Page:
An editorial opinion piece written July 15 by Carol Hunter in the Des Moines Register is the latest warning about the Iowa newspaper’s declining subscription base. Hunter, the Register’s executive editor explains “Why we’re asking you to buy a subscription.”
It’s a signal that the Register needs the public’s help and financial support if Iowans expect the newspaper to continue to deliver the quality and quantity of local news reporting it currently offers. Hunter builds a powerful case for supporting the Register as a local news source.
“Strong local journalism is a building block of a strong community. Our journalism is valuable, and we have no qualms asking you to pay for it,” Hunter says.
The closing and shrinking of newspapers across the country is an epidemic. Nearly one in five newspapers have closed since 2004. The nation has lost over 1,800 newspapers in that time and many more have dramatically cut their staffing. Nationally, the number of newsroom employees at U.S. newspapers declined by 47% between 2008 and 2018.
The precipitous drop in advertising revenue has created a financial crisis for American newspapers. National newspaper ad revenue dropped from a high of nearly $50 million in 2004 to just $18 million in 2016.
Hunter references the ad losses suffered by the Register.
“In bygone years, full-page department store advertisements and classified ads for jobs, cars and homes provided most of the revenue needed to publish a daily newspaper. But the digital revolution has ushered in new reading habits (with many people preferring to get their news on their phone rather than in print). It also led to waves of brick-and-mortar store closings as online shopping increased,” reported Hunter.
With the massive drop in advertising revenue, newspapers have been forced to rely on charging subscribers more to keep the lights on. But just as ad revenue has plummeted, so has subscription numbers. In 1987, national daily newspapers’ paid subscriptions totaled over 62 million. By 2018 that number had nose-dived to just over 18 million.
The Des Moines Register’s decline in subscription numbers appear even more grim. According to a June Cityview analysis, the Register’s peak daily circulation was above 250,000 and their Sunday was in excess of 550,000. In the last quarter of 2018, the daily number had declined to 45,633 and the Sunday was 80,713.
Newspapers have attempted to make up their print losses with online digital subscribers. However, it’s questionable whether readers are willing to pay for digital subscriptions when so much is free on the internet.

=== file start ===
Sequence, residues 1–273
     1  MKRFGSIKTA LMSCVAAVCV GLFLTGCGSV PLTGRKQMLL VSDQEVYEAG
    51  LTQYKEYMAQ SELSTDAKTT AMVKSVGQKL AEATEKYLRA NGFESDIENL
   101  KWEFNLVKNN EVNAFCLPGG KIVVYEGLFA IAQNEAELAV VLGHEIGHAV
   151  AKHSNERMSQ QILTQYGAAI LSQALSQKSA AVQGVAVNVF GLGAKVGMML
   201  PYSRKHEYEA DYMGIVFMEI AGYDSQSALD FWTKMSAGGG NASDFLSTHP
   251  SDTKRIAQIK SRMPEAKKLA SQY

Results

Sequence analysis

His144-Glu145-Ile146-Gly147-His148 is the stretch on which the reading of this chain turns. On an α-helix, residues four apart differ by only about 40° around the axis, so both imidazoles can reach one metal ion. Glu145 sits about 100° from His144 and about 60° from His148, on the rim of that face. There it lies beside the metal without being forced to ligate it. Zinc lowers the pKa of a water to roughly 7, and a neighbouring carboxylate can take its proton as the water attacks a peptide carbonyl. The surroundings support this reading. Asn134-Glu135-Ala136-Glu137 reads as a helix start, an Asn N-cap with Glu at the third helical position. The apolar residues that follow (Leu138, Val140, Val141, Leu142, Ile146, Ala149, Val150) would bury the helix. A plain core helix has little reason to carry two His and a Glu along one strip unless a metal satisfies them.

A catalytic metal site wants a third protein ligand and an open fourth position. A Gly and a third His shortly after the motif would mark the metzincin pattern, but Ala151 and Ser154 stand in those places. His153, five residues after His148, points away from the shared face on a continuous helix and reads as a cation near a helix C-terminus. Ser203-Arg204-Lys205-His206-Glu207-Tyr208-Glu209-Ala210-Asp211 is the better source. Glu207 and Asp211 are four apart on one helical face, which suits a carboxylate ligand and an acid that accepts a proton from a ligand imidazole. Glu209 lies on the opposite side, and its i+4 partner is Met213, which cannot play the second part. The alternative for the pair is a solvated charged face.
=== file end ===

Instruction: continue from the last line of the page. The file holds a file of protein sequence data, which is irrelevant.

Unfortunately, the increase in digital subscriptions doesn’t begin to fill the revenues needs for the Register. The Register’s digital subscriptions add up to less than 10,000 according to Cityview.
That provides the background for the changes Hunter announced. The major change is in regard to access to certain articles based on subscription status.
Much of the Register’s content will remain available using the current model. Currently, print subscribers have access to all content, print and digital. Non-subscribers have access to a limited number of articles each month before they are asked to subscribe.
Under the new policy, non-subscribers to the Register will continue to access most content including, “breaking news, routine government and business coverage as well as sports game stories” with a monthly limit.
But non-subscribers will no longer be able to access coverage about, “major investigations, explanatory projects, in-depth profiles and other exclusive work.” Those specific categories will be reserved for subscribers only.
Hunter presents a compelling need to support the benefits the Register provides to the public and the community. She cites numerous exclusive stories the Register has covered. She argues that the Register’s in-depth coverage ranges from business to sports.
She concludes by asking readers to subscribe: “For readers who don’t yet subscribe: I hope you’ll keep coming back to sample our work, and I urge you to buy a subscription.
For current subscribers: I thank each of you for supporting our newsroom and the local journalism we produce.”
Will Iowans respond to Hunter’s plea by supporting their local newspaper?
by Rick Smith
1 Comment on "Will Iowans Answer Register’s Call For Help?"
I still enjoy getting the paper each day. I admit I get the largest proportion of my news online, but for local news on businesses, and features, I still rely on The Des Moines Register.